The smoke of other fires thickened the air last summer as the traditional monsoon season was conspicuous in its absence. The pastures turned to sand. The patch of sod in front of my house became a patch of dirt held in place only by dead roots. Finally, after some late thundershowers and early light snows in September and October, we witnessed the greenest weeks of 2002 in late October. Small springs that had gone dry trickled back to life, and I thought that perhaps we were in for a heavy, early snowfall.

This will be my 12th winter here at the head of Boneyard Park in the Wet Mountains. The old timers say the place was so named because it was littered with the bones of many bison when first discovered. It is thought that perhaps the bison were trapped here by an extremely heavy, early snowfall. Living here, today, I feel a bit like a trapped bison myself because so many of my friends and acquaintances have fled back to the Front Strange in recent months, back to the safety of nearby groceries, pubs, strip malls and city water supplies. One friend told me that he was the last of the full-timers to leave his small subdivision, now a true ghost town of ridgetop trophy homes.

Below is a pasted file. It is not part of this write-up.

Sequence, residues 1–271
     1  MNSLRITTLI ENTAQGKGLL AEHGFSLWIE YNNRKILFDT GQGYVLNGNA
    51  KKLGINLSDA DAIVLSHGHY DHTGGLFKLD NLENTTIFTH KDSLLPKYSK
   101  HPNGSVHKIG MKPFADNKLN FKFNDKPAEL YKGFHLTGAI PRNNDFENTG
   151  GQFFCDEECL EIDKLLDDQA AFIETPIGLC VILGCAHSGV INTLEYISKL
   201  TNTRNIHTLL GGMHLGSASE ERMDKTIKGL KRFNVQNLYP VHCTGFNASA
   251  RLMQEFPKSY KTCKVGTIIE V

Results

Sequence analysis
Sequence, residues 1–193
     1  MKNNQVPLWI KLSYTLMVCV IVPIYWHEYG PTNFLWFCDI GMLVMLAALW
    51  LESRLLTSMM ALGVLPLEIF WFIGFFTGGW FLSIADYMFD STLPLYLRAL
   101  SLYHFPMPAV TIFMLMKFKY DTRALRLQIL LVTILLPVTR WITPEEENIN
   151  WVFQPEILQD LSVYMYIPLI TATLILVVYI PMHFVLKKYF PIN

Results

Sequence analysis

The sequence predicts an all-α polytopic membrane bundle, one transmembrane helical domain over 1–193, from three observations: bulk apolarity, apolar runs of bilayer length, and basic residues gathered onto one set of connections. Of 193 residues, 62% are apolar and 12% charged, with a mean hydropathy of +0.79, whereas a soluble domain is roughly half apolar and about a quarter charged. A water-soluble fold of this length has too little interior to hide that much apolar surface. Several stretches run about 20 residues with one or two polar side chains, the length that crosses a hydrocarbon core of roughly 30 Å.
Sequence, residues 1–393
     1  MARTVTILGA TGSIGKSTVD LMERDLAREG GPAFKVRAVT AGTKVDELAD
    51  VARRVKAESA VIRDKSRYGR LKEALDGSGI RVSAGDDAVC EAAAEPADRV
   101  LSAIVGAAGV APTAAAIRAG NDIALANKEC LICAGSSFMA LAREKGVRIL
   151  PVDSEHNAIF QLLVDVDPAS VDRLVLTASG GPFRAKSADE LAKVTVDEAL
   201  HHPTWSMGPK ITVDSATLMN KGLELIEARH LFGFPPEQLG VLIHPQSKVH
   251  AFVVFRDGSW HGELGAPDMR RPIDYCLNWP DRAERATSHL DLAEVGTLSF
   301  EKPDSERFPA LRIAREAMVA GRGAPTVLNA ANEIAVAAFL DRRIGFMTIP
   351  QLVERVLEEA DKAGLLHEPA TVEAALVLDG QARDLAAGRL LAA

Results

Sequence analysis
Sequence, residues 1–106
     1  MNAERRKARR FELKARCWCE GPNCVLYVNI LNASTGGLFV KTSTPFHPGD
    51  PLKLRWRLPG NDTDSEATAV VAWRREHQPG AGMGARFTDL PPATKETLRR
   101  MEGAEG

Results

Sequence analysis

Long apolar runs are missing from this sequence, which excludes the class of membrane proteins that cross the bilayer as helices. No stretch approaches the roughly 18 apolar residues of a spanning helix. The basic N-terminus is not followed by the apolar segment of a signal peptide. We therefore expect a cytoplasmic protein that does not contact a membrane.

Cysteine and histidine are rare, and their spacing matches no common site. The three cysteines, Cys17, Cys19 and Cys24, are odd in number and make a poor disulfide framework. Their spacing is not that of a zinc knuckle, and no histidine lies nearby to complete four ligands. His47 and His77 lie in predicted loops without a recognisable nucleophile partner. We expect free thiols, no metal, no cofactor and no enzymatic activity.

Now water experts are saying that despite good early snowfalls, even a normal snowpack will still mean severe water restrictions in the cities this summer. And weather experts are predicting a dry mid-Winter.

It is a widely held belief that we need a heavy snowpack in order to have water in the summer. Of course this is true for those who live on city water systems, most of which are fueled directly by snowmelt runoff, and for those who have wells on the valley floors below the mountain ranges. But I’m not so certain it has all that much bearing for those of us who have water wells here in the Wet Mountains. In fact, the immediate history of the last near-dozen years would seem to indicate otherwise. For if this theory were true, my well certainly would have gone dry by now.